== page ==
Screen Time Symposium @ Coconino Center for the Arts
Jan 28 @ 1:00 pm – 4:00 pm

Film screening in conjunction with Arrangement for a Silent Orchestra

Film: Screenagers (1hr5min)

Award-winning SCREENAGERS probes into the vulnerable corners of family life, including the director’s own, and depicts messy struggles, over social media, video games, academics and internet addiction. Through surprising insights from authors and brain scientists solutions emerge on how we can empower kids to best navigate the digital world.

The event will take place on Sunday, January 28th, 2018 at 1:00pm (doors are 12pm). Tickets are free but reservations are required.

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Trailer: https://vimeo.com/215750447

 

Noon-1:  Doors open

1-2:05: Film screening: Screenagers

2:05-2:35: Panel Discussion

2:45-3:15: Breakout sessions include:

            Art Project

            Student Performances

            Compassionate Communication

            Panel Q&A

Screen Time Symposium – 2nd Showing @ Coconino Center for the Arts
Jan 28 @ 3:30 pm – 6:00 pm

Film screening in conjunction with Arrangement for a Silent Orchestra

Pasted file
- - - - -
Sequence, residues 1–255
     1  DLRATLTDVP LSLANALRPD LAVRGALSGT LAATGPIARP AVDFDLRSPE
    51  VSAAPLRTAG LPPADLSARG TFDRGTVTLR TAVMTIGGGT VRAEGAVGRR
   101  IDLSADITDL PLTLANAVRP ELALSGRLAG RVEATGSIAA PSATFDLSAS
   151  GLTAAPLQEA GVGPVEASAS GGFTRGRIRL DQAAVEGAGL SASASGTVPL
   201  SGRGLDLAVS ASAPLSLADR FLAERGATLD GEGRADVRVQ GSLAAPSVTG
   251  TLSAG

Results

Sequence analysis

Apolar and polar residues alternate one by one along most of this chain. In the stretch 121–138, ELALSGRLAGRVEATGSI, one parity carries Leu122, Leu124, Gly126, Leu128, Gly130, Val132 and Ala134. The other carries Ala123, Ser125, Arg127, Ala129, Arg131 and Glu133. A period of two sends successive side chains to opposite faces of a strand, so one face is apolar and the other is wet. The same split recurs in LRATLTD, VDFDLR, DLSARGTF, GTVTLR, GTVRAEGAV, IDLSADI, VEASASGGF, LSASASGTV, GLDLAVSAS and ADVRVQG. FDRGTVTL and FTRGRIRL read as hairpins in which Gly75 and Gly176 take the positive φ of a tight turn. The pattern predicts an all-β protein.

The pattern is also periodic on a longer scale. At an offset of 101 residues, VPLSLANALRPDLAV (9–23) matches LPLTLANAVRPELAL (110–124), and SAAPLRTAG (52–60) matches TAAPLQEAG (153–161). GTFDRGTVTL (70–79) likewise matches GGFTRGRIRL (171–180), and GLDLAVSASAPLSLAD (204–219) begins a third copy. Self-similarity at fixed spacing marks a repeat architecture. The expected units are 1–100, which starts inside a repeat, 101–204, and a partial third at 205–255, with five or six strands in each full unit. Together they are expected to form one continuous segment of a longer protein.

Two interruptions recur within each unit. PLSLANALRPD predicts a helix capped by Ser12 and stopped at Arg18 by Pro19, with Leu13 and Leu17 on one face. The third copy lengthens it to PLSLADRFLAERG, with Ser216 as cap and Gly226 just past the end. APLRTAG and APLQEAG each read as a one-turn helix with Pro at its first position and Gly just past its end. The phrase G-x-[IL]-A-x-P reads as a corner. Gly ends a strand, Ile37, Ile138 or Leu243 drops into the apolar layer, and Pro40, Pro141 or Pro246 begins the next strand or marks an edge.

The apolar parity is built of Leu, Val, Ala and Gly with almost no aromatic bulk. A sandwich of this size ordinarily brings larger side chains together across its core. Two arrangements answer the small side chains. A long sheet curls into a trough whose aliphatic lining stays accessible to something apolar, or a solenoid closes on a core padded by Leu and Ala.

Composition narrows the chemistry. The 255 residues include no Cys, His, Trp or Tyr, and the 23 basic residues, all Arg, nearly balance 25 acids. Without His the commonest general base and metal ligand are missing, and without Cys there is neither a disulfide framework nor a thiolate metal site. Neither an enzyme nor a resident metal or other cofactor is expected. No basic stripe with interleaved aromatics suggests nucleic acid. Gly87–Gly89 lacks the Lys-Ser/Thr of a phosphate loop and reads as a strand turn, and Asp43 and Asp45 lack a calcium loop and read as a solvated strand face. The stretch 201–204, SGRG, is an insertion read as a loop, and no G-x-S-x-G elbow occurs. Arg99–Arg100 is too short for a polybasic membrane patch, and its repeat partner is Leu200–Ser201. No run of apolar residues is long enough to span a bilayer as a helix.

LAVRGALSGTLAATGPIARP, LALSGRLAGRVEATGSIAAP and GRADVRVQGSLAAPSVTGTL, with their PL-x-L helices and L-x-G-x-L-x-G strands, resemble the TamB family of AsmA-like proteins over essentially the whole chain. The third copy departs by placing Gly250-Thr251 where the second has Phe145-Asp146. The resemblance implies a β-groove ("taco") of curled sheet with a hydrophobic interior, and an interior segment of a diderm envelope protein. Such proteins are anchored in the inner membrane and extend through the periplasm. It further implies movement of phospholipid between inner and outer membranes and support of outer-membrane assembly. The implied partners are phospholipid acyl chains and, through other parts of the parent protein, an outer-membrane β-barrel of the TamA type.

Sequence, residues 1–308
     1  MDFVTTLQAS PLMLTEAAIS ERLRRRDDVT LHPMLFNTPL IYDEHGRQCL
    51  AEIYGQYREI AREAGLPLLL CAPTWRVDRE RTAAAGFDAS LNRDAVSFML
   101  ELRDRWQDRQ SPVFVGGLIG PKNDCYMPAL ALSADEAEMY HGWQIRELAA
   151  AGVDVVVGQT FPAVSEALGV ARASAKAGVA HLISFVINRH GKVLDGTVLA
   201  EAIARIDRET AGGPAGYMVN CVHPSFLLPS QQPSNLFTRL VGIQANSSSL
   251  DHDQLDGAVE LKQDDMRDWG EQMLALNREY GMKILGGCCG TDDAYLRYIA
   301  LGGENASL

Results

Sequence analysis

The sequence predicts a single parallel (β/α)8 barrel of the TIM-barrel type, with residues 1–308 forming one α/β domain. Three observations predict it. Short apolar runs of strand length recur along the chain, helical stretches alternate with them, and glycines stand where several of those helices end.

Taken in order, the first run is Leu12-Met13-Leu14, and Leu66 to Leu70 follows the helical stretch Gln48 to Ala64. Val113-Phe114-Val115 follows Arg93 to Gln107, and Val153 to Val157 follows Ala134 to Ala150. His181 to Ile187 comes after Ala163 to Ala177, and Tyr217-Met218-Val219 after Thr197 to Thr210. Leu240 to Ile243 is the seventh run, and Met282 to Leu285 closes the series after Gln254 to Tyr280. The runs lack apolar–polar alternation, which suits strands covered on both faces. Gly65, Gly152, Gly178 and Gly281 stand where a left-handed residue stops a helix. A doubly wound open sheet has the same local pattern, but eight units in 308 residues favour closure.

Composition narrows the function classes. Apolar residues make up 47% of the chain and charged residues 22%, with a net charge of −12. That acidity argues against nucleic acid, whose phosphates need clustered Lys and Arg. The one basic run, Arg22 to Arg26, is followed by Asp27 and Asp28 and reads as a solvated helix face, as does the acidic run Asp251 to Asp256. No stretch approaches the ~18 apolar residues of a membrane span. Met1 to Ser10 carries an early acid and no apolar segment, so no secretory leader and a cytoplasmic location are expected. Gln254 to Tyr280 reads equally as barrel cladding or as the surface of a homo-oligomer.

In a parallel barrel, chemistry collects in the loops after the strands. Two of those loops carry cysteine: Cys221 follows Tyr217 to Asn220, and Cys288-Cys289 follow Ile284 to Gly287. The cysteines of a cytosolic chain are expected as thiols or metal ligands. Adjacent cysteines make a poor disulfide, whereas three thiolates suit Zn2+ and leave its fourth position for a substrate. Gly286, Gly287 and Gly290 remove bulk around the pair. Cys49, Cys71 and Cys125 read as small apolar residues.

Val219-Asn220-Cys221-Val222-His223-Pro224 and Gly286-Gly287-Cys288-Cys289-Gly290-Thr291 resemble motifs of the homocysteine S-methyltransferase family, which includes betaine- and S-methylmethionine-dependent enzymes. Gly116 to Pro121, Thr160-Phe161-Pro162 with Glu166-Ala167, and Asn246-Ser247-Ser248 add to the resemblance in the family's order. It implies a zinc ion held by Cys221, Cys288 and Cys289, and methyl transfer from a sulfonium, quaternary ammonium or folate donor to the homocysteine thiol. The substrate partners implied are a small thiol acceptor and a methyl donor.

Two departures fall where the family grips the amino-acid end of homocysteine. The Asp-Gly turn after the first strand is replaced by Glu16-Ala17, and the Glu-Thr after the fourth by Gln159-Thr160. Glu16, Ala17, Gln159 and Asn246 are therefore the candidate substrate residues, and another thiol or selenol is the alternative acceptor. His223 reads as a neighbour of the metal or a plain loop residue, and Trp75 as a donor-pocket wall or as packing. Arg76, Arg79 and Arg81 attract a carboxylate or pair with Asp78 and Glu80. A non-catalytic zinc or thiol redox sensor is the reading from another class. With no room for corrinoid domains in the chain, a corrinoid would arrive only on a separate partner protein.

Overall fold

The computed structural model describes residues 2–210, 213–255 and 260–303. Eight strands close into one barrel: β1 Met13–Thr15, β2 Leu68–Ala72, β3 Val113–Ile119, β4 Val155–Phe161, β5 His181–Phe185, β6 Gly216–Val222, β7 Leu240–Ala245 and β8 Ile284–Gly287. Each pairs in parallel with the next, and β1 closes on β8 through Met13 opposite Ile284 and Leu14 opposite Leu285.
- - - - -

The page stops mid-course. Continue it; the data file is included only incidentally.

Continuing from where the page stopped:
Film: Screenagers (1hr5min)

Award-winning SCREENAGERS probes into the vulnerable corners of family life, including the director’s own, and depicts messy struggles, over social media, video games, academics and internet addiction. Through surprising insights from authors and brain scientists solutions emerge on how we can empower kids to best navigate the digital world.

The event will take place on Sunday, January 28th, 2018 at 1:00pm (doors are 12pm). Tickets are free but reservations are required.

[button link=”https://flagstaffculturalpartners.secure.force.com/ticket” color=”default” size=”” stretch=”” type=”” shape=”” target=”_self” title=”” gradient_colors=”|” gradient_hover_colors=”|” accent_color=”” accent_hover_color=”” bevel_color=”” border_width=”1px” icon=”” icon_divider=”yes” icon_position=”left” modal=”” animation_type=”0″ animation_direction=”down” animation_speed=”0.1″ animation_offset=”” alignment=”left” class=”” id=””]Reserve Tickets[/button]